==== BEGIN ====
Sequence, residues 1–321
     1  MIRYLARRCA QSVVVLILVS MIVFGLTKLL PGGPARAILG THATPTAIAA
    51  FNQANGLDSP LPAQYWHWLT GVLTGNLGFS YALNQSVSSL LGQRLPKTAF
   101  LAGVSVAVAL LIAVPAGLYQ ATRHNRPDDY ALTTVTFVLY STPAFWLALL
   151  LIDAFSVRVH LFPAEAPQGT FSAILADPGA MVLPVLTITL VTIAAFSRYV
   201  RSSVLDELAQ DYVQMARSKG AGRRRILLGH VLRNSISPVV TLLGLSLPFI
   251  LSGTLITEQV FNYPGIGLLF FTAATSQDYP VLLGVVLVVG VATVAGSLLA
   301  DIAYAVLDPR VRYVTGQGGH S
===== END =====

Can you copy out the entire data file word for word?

Sequence, residues 1–321
     1  MIRYLARRCA QSVVVLILVS MIVFGLTKLL PGGPARAILG THATPTAIAA
    51  FNQANGLDSP LPAQYWHWLT GVLTGNLGFS YALNQSVSSL LGQRLPKTAF
   101  LAGVSVAVAL LIAVPAGLYQ ATRHNRPDDY ALTTVTFVLY STPAFWLALL
   151  LIDAFSVRVH LFPAEAPQGT FSAILADPGA MVLPVLTITL VTIAAFSRYV
   201  RSSVLDELAQ DYVQMARSKG AGRRRILLGH VLRNSISPVV TLLGLSLPFI
   251  LSGTLITEQV FNYPGIGLLF FTAATSQDYP VLLGVVLVVG VATVAGSLLA
   301  DIAYAVLDPR VRYVTGQGGH S